The city had the right to approve its current Bicycle Plan
GREEN CITY San Francisco can legally give more street space to bicycles, even if it delays cars or Muni in some spots, a policy that enjoys universal support among elected officials here. So why have all the city's proposed bike projects been held up by an unprecedented four-year court injunction, despite the judge's clear affirmation of the city's right to approve its current Bicycle Plan as written?
The answer involves a mind-numbing journey into the complex strictures of the California Environmental Quality Act and its related case law, which was the subject of a three-hour hearing before Superior Court Judge Peter Busch on June 22 that delved deeply into transportation engineering minutiae but did little to indicate when the city might be able to finally stripe the 45 bike lanes that have been studied, approved, funded, and are ready to go.
Anti-bike activist Rob Anderson and attorney Mary Miles have been on a long and lonely — but so far, quite successful — legal crusade to kill any proposed bike projects that remove parking spaces or cause traffic delays. They have argued that the city shouldn't be allowed to hurt the majority of road users to help the minority who ride bikes, urging the city and court to remove those projects from the Bike Plan.
But Busch repeatedly said the court can't do that. "That's the policy question that's not for the court to decide," he told Miles in court, later adding: "I don't get to decide that the Board of Supervisors' policy is misguided."
Yet city officials have offered detailed arguments that the policy of facilitating safe bicycling isn't misguided, but instead is consistent with the transit-first policy in the city charter and with the goals of reducing greenhouse gas emissions, improving public health, and even alleviating overall traffic congestion by giving more people good alternatives to driving a car.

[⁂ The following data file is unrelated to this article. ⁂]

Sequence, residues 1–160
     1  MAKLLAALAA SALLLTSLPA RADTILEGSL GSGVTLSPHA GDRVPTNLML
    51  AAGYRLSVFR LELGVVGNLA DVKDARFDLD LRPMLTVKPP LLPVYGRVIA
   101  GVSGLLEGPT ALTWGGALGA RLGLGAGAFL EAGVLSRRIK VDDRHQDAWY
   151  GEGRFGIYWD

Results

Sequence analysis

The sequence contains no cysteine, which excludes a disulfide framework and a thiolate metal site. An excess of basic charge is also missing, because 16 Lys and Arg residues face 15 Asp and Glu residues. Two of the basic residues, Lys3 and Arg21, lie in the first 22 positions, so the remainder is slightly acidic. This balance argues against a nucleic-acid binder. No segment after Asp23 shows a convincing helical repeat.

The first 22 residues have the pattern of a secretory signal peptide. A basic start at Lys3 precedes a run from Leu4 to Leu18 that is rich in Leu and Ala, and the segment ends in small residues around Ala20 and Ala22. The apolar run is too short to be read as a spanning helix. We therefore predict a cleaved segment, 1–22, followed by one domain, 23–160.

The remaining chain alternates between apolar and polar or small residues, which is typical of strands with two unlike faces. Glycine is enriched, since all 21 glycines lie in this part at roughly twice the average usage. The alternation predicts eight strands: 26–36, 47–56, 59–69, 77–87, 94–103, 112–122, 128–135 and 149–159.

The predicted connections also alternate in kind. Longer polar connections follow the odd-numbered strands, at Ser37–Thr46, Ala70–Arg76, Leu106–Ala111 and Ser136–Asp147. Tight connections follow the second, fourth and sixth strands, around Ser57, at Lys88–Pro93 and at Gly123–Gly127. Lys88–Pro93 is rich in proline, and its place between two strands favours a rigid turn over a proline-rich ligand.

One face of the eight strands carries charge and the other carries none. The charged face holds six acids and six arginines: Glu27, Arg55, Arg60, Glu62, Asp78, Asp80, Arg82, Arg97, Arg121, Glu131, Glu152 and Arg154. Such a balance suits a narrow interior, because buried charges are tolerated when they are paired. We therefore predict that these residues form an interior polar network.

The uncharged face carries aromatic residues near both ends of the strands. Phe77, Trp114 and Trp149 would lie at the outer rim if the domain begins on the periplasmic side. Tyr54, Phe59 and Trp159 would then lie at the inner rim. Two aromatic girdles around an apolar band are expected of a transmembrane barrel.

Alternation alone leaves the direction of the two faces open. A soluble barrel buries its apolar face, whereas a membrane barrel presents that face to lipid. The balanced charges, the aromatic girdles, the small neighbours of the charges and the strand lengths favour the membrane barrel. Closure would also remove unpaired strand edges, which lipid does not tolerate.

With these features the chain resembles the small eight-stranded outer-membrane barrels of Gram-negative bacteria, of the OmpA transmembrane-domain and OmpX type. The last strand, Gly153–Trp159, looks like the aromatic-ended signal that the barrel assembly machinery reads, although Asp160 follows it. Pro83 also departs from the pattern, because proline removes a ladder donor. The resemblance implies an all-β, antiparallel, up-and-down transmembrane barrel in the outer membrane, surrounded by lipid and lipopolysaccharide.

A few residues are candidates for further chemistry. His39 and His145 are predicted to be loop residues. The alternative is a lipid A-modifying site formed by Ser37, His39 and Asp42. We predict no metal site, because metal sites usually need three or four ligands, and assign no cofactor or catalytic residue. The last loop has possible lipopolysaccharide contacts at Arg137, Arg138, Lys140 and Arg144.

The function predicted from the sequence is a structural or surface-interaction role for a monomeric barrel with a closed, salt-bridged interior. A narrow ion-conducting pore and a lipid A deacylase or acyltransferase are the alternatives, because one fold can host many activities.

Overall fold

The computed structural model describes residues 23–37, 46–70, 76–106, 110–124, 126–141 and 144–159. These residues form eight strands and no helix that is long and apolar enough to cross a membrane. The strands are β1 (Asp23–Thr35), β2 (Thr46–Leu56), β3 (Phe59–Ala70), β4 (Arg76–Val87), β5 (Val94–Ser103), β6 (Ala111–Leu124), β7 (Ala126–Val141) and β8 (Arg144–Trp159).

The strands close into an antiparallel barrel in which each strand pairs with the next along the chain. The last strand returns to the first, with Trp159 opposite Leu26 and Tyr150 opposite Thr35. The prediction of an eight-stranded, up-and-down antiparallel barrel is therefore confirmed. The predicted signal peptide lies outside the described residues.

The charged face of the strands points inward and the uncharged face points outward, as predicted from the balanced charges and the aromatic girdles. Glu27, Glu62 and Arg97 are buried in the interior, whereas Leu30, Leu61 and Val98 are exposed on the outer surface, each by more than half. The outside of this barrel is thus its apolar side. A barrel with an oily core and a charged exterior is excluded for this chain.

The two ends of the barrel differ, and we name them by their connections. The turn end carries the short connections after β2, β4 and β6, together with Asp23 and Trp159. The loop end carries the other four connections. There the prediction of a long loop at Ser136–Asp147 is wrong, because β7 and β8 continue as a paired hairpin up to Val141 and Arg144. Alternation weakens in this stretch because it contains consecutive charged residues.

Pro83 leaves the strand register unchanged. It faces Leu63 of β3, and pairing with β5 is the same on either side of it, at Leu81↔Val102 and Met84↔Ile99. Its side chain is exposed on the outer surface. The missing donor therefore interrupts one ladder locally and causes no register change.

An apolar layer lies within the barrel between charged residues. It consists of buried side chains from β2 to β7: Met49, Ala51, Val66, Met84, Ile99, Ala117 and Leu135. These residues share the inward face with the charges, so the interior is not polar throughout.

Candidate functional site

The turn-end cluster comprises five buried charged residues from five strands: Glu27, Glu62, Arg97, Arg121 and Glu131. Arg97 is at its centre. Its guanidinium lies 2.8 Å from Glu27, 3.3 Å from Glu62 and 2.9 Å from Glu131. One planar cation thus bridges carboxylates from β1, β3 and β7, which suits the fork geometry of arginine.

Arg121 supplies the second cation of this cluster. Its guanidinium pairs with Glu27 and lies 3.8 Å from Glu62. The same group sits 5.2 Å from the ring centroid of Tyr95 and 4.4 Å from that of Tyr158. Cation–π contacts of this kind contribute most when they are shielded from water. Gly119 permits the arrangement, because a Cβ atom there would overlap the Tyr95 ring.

Busch hasn't indicated that he has any issues with that rationale. Instead, the question is whether policymakers had enough information — in the proper manner spelled out by two generations' worth of legal battles over land use decisions in California — to make their unanimous decisions to approve the Bike Plan in 2005 and again in 2009, after completing a court-ordered, four-volume, two-year, $2 million environmental impact report.
Miles argues that the EIR is legally inadequate in every way possible, employing such gross hyperbole in condemning it as a hollow document that does nothing to explain or justify any of its conclusions that Busch told her at one point, "That's such an over-argument, it leaves me wondering about the rest of your argument."
But he's certainly considering the rest of her argument that more analysis was required, going into great detail on the questions of whether the city studied and spelled out enough alternatives and mitigation measures, how much of the voluminous traffic survey data should be in the plan, whether there was enough support for the thresholds of significant impacts, and what the remedy should be if he finds some minor errors in the methodology.
Yet even Busch said there wasn't a clear regulatory road map for the city to follow on this project. "There probably has never been an EIR for a project like this," he acknowledged. It was the city's decision in 2004 to do a Bike Plan that mentioned specific projects without studying them that led to the injunction and this extraordinarily complex EIR, which did detailed analysis on more than 60 projects.
"Once you get that complexity, the toeholds are everywhere to fight it," activist Mark Salomon, who has long criticized city officials and bicycle activists for their approach to the Bike Plan, told us.
But Kate Stacey, who heads the land use team in the City Attorney's Office, says the city will be in a good position to quickly create lots of bike lanes once this plan passes legal muster.
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